One implication of the assembled episodes is that in the classroom, the conceptual utility of the “long eighteenth century” – or perhaps even the “eighteenth century” tout court – becomes more attenuated as it extends in length and breadth, in time and across place.

Nearly every educator turned to digital technology when Zoom replaced their physical classroom during the COVID-19 pandemic. While travel was disrupted, technology allowed for the inclusion of a newly expansive range of voices. Meier, for instance, invited multiple guest lecturers to her class via Zoom, such as Nancy Um and Athman Hussein Athman, Keeper of Heritage at the National Museums of Kenya, Mombasa. Online resources that were already set up for distance learning, including those from institutions such as the Open University, took on added importance. This difficult moment has, nonetheless, presented an opportunity moving forward to not just teach with digital technologies, but to embrace digital humanities. The term has been variously defined, but Um’s interactive mapping project offers a clear illustration. Sharing space, whether through collaborative teaching or guest speakers, decenters a single authoritative voice and invites the multiplicity and complexity of new voices.

Many of the roundtable speakers reaffirmed the vitality of new approaches to eighteenth-century materials and artefacts activated through the reciprocal processes of teaching and learning. Even though for her it was a familiar topic, Avcıoğlu approached the subject of turquerie anew, and framed the work of scholarly interpretation as a living process by way of her seminar design. Um learned to use Leaflet, a JavaScript Library for interactive web maps, so that she could simultaneously teach her graduate students and transform her own research. Such accounts as these attest to the generative nature of pedagogical experimentation for scholars' research questions and methods.

At the same time, if students are engaged through intentional and critical pedagogies, they become active participants in their own education. Cohen-Aponte emphasized the need to respond to the fact that students are more racially and ethnically diverse than ever, and suggests that there is much to learn from pedagogical literature, even if it is largely targeted to K-12 educators. Approaching research and teaching as dialogical processes, as vividly demonstrated in Arabindan-Kesson’s work with her students on Art Hx: Visual and Medical Legacies of British Colonialism, presents an opportunity to learn from the diverse, contemporary perspectives that students will inevitably bring to eighteenth-century material and to reconfigure the traditional structures of power and stories of art narrated within the academy.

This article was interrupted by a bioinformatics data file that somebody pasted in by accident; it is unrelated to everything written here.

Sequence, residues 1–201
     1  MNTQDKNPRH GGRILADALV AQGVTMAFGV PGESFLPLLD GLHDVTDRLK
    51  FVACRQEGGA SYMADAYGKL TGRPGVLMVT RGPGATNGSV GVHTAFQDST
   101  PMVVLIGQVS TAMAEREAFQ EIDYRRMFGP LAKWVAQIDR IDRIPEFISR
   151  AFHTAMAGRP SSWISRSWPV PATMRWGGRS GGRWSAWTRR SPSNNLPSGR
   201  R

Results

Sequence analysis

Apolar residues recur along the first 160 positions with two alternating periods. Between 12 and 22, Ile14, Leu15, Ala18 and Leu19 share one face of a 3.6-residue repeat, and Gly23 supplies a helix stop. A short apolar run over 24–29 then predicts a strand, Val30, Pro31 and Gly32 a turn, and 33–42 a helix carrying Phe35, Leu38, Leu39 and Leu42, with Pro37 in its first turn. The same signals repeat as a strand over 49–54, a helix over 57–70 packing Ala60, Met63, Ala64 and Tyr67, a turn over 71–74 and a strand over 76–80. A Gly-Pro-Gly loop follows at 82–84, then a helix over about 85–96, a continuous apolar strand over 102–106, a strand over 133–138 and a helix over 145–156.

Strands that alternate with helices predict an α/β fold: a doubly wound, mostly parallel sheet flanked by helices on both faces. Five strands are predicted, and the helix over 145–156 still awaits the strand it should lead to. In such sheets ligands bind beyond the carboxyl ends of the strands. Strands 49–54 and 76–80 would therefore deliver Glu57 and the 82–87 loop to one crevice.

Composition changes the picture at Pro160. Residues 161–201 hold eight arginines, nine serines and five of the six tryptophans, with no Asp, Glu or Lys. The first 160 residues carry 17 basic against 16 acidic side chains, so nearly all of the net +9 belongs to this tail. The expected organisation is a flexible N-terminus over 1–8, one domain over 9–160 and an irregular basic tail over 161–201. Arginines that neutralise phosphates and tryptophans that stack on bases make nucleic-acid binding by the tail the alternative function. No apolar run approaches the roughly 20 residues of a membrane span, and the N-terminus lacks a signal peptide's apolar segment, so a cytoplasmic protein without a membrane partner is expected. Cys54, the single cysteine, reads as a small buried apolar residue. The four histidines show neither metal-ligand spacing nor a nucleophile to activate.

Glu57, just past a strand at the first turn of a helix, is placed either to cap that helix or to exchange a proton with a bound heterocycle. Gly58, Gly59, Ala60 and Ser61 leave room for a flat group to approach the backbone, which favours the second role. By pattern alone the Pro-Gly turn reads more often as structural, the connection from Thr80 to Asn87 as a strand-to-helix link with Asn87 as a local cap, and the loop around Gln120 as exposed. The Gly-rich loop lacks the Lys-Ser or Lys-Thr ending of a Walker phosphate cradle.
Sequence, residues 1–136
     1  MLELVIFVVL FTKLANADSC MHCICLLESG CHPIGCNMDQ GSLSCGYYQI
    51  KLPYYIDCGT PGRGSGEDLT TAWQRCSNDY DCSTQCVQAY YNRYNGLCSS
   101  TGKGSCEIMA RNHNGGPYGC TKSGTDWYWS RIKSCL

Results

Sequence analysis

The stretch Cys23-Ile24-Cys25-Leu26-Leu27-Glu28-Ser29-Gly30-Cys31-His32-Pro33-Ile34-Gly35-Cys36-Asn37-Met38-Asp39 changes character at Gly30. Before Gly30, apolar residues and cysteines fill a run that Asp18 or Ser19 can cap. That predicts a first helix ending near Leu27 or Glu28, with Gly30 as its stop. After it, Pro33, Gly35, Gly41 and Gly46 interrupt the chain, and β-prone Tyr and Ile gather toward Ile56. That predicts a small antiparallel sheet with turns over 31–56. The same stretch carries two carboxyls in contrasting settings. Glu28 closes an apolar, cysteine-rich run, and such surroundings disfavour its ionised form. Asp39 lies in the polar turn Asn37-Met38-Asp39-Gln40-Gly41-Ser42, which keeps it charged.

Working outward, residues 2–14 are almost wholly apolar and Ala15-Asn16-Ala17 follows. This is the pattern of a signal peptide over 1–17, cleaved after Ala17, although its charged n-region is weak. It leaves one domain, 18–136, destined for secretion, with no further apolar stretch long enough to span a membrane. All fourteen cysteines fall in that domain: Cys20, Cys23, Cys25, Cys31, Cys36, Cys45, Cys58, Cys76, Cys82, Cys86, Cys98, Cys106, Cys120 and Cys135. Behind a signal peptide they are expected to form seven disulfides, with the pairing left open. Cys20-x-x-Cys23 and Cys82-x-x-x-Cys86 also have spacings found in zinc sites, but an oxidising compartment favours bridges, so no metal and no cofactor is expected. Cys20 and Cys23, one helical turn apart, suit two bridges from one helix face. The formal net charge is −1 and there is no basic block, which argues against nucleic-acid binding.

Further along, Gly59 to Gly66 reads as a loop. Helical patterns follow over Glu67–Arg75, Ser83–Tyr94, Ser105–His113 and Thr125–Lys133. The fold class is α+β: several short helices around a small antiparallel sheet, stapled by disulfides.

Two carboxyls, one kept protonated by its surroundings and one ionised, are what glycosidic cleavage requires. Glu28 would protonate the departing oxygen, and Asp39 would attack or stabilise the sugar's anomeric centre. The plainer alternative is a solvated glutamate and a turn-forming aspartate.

The roundtable, held on April 23, 2022 as a Zoom webinar, was convened by Sarah Betzer, University of Virginia, and Dipti Khera, Department of Art History and Institute of Fine Arts, New York University, with assistance from Eleanore Neumann, University of Virginia. The event and its digital afterlives were made possible thanks to funding from the Institute of the Humanities & Global Cultures (IHGC) at the University of Virginia and from the UVA Department of Art. We would like to thank IHGC Interim Director Bruce Holsinger for his support and for his introduction. Warm thanks are also due to the IHGC team: Anne Gilliam, Caroline Whitcomb, and Joseph Wei. We thank Victoria Valdes, UVA Visual Resources Collection, for her monumental post-production video labors.

The distillation of the roundtable was conceived by Sarah Betzer, Dipti Khera, and Eleanore Neumann. The site was developed in July 2021 by Eleanore Neumann and Shane Lin, UVA Library Scholars’ Lab. We are grateful to Shane for his creativity and generosity. Special thanks go to Jennifer Henel for her indispensable advice on developing this digital feature and to Hannah Williams for her guidance throughout the process.